Laptop Thefts Accelerate Data Privacy Concerns

The Federal Trade Commission (FTC) on Thursday became the latest agency to acknowledge that personal data had been placed at risk due to a lost laptop computer, part of a trend that underscores the wide range of threats facing consumers’ personal information.

The FTC said it would provide free credit monitoring for 110 people whose names, addresses, Social Security numbers and possibly financial account numbers were stored on a laptop taken from the locked car of an FTC attorney.

Ironically, many of those impacted were involved in investigations of identity theft cases, the FTC said, including suspects in earlier instances of ID theft.

The FTC’s admission came on the heels of the theft of a Veterans Administration employee’s laptop, which put the personal information of some 26.5 million veterans at risk. The VA has since enrolled veterans in credit-monitoring services to protect them against ID theft.

Private enterprises have also been hit with similar laptop theft problems in recent weeks. said a laptop containing customer data was taken in February after an Ernst & Young employee left it inside a locked vehicle.

More recently, the consumer credit-tracking firm Equifax also acknowledged that a laptop containing employee names and Social Security numbers had been stolen, though the company emphasized that consumer data was not at risk. Also, ING disclosed the theft of a laptop that may have contained information on some 13,000 people employed by the District of Columbia.

New Type of Threat

The rash of laptop-related incidents is a reminder of the inherent difficulty of protecting data. Many organizations have become much better at protecting data when it is at rest on corporate networks with strong firewalls and other measures that prevent active hacking, but those protections break down if data is removed from the network.

In the case of the VA incident, the employee who had taken home a laptop loaded with personal files apparently violated agency policy. The other cases highlight the risk of allowing even trusted employees to carry data outside a secure network.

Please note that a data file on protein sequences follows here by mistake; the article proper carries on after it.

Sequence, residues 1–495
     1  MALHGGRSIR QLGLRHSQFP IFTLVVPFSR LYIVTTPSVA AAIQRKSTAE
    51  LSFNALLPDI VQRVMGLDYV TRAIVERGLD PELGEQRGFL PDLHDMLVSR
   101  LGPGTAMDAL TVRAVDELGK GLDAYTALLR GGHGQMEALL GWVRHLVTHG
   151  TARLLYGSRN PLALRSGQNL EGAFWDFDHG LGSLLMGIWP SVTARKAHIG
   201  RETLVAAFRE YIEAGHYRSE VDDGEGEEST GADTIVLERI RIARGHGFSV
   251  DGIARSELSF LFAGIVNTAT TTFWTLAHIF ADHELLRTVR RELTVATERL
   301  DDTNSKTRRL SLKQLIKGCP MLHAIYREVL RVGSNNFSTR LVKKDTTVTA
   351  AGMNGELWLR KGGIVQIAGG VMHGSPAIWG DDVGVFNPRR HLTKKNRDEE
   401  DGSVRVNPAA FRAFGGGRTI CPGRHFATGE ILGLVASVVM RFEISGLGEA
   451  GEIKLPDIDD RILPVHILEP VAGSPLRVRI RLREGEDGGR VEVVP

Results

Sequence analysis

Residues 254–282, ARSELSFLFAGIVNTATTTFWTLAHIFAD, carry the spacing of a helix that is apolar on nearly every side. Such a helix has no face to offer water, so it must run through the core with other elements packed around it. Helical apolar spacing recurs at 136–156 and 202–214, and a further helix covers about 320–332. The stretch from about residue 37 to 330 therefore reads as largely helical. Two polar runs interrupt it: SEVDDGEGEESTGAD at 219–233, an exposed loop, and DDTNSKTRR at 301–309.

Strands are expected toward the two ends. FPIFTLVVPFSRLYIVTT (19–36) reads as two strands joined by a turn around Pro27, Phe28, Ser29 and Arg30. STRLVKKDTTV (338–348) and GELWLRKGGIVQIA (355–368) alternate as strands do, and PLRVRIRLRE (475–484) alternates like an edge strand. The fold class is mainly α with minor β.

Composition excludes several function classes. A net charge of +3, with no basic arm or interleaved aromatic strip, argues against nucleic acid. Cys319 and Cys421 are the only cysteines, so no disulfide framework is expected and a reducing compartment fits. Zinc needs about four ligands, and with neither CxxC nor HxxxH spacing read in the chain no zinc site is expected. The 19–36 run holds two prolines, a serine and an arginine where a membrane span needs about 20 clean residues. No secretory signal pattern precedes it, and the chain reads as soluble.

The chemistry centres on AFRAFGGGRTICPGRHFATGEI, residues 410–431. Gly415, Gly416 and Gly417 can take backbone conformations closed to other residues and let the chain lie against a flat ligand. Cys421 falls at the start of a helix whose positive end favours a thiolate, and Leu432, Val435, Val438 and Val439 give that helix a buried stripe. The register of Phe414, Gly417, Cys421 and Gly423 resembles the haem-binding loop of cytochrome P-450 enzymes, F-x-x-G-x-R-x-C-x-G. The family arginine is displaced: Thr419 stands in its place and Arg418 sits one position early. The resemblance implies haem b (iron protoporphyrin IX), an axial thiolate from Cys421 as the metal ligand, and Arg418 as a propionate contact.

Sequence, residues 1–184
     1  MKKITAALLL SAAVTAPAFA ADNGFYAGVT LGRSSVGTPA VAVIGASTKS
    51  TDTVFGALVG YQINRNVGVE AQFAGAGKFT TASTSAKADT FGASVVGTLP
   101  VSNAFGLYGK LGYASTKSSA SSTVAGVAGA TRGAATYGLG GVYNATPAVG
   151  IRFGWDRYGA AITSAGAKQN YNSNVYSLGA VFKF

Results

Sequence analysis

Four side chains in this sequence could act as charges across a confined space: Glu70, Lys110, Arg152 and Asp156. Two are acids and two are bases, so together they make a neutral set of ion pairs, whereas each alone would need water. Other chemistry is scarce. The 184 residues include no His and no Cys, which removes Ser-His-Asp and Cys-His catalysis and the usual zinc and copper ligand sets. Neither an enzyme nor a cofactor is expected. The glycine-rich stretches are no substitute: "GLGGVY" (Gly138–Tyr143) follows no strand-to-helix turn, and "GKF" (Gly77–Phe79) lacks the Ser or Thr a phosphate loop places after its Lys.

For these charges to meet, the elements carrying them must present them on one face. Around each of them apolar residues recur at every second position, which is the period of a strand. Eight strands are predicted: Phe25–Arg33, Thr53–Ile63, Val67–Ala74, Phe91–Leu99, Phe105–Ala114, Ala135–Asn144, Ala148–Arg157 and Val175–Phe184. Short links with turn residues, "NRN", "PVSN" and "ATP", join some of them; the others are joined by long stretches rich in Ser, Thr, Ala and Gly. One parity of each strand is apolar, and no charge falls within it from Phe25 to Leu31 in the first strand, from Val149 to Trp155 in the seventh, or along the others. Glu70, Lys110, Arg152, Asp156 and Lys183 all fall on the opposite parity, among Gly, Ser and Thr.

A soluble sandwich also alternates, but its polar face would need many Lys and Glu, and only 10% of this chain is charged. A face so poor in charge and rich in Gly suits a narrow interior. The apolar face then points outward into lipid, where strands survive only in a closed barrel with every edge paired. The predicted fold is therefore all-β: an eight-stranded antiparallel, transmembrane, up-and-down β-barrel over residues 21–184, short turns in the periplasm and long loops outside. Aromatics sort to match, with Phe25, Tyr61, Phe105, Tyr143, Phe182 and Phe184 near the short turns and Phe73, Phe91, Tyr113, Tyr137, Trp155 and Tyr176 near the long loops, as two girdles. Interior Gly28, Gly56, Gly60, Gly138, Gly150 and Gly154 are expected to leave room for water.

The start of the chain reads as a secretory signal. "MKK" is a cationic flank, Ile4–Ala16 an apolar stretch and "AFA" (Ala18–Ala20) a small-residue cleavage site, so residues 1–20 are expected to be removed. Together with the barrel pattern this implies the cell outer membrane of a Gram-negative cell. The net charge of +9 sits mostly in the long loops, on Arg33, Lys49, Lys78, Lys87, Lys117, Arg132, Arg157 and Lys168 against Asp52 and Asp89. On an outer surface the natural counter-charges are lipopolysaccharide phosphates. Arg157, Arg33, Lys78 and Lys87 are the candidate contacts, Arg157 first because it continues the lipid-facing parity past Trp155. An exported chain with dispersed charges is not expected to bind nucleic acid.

In most cases, laptops are stolen not for whatever data they may contain, but for their intrinsic value, as thieves can often resell them quickly. However, there is the worrisome possibility that more organized efforts to cull data — which in the “right” hands can be far more valuable than the machines themselves — will surface.

According to the Privacy Rights Clearinghouse (PRC), 88 million consumer records have been compromised in various types of database breaches and leaks since early 2005. The incidents run the gamut from database hacks to lost backup tapes and inadvertent printouts of consumer information.

The fact that data is getting out in more and different ways accentuates the need for additional protections for consumers, said PRC Executive Director Beth Givens. The PRC has called for a national law requiring that anyone affected by a database breach be notified directly. Currently, several states have such notification laws on the books.

“The problem with technology and with the human element is there is always a problem in the system,” Givens said. “There needs to be additional safeguards so that these thefts and breaches don’t become widespread ID theft and consumer fraud.”

There is growing concern that the rising tide of ID theft could eventually put a damper on e-commerce as well, as people become increasingly reluctant to expose their personal and financial information.

Opportunities for Tech Firms

The trend could drive technology adoption in new areas. For instance, firms such as Vontu — which enables enterprises to set parameters for data use, alerting a network administrator when a sensitive file is attached to an e-mail or moved onto an unsecured computer — may start attracting more interest.

“The fact of stolen laptops just underscores that data is going to find ways to get out,” Todd Davis, the CEO of LifeLock, told the E-Commerce Times.

LifeLock offers an active ID protection service; it seeks out unusual activity that credit-monitoring only catches after-the-fact, according to Davis. “If it’s not a laptop being stolen, it’s someone e-mailing an employee pay list by mistake — or someone misplaces files that were supposed to be sent to the shredder or to storage.”

Other firms, such as Absolute Software, offer programs that enable laptop owners to remotely erase their data if their laptops are stolen or misplaced.

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